By Dr. Mercola

More than 5 million Americans have Alzheimer’s disease, and the number is steadily increasing. Someone in the US develops the disease every 67 seconds, and by 2025 it’s estimated that the number with Alzheimer’s will increase 40 percent to more than 7 million.1
By 2050, the prevalence of Alzheimer’s is expected to nearly triple, reaching 13.8 million people. In 2015, it’s already the sixth leading cause of death, and it’s one that has no known cure or proven way to slow its progression.
There are, however, several known risks factors, including many that you can control. One of them is your weight, and new research has once again tied excess weight to an increased risk of this devastating disease.

Excess Weight in Midlife May Bring on Symptoms of Alzheimer’s Earlier

People who are overweight at age 50 are more likely to develop Alzheimer’s disease sooner than those who are not. The study followed 1,400 people who took cognitive tests regularly for a period of 14 years.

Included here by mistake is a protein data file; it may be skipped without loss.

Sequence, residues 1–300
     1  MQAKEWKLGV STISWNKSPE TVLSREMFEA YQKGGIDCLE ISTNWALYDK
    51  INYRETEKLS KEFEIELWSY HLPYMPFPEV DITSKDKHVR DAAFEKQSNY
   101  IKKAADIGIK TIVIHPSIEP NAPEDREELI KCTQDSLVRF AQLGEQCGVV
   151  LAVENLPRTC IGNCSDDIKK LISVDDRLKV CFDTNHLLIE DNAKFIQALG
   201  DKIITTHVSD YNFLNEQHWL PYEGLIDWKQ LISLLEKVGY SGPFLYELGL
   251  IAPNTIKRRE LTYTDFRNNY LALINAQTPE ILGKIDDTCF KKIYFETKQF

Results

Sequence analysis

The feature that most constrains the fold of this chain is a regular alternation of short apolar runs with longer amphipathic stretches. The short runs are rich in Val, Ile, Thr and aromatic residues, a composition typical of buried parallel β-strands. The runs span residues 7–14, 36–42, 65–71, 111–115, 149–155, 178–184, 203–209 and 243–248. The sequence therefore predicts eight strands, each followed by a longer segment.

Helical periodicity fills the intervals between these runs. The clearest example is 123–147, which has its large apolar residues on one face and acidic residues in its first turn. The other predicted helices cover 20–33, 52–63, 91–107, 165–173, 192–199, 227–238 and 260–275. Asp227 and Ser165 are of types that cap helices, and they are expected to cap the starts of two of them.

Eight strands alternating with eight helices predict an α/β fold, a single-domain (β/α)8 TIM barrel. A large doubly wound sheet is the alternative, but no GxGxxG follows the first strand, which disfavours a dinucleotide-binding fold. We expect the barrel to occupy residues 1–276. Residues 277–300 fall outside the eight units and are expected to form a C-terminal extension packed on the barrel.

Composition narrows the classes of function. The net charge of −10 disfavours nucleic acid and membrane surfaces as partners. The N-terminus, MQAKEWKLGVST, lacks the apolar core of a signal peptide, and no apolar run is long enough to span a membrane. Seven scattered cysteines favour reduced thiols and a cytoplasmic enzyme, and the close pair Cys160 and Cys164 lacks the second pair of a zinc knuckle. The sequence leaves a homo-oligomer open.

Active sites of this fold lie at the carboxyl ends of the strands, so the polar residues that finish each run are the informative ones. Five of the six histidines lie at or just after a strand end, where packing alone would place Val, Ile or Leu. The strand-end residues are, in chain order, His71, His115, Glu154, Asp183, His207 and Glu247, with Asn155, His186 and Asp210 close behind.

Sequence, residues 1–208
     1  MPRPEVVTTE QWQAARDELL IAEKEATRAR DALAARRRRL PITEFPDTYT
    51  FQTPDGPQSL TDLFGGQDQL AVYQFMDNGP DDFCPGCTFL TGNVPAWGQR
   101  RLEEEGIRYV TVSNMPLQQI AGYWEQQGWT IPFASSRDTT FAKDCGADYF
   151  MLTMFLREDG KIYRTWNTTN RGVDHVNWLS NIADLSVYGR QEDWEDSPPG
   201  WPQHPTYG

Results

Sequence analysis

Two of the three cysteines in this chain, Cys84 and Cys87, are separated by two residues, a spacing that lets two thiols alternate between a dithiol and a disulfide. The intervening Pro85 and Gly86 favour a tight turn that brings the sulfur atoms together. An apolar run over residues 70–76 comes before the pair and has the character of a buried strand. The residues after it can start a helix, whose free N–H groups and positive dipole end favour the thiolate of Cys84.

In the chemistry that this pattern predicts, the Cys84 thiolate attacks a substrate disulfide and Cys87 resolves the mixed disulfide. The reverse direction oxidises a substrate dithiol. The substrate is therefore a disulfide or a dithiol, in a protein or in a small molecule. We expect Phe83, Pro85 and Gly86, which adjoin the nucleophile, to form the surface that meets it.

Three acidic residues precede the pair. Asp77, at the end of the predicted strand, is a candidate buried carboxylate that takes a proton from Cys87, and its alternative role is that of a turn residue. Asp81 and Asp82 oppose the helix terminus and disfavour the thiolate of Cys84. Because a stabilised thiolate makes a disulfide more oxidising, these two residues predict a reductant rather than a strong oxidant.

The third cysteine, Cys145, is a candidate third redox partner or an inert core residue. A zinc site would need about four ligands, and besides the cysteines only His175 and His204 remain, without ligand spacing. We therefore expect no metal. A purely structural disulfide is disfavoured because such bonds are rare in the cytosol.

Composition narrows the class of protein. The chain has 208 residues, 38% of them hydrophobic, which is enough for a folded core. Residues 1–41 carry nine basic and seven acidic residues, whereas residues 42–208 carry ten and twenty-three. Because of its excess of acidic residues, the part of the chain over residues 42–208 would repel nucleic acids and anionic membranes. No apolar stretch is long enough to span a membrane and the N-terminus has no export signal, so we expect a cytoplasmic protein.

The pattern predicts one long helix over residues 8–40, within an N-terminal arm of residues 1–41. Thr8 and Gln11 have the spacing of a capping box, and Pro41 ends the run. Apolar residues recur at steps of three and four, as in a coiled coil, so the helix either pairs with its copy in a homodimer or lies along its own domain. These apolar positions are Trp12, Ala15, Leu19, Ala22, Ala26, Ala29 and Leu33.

Among the 142 who went on to develop Alzheimer’s disease, those who were overweight or obese at midlife developed symptoms nearly seven months sooner than those of a healthy weight.
Further, the onset of symptoms moved up by 6.7 months for each unit increase in midlife body mass index (BMI). Those with a high BMI were also more likely to have greater amounts of amyloid proteins in their brain, which is linked to Alzheimer’s.
Although BMI is a flawed measurement tool, the findings are likely sound because obese adults often have additional risk factors for Alzheimer’s, including high blood pressure and diabetes. Obesity is also linked to chronic inflammation, which might make Alzheimer’s worse, along with insulin resistance, another known risk factor for Alzheimer’s.
It’s not the first time


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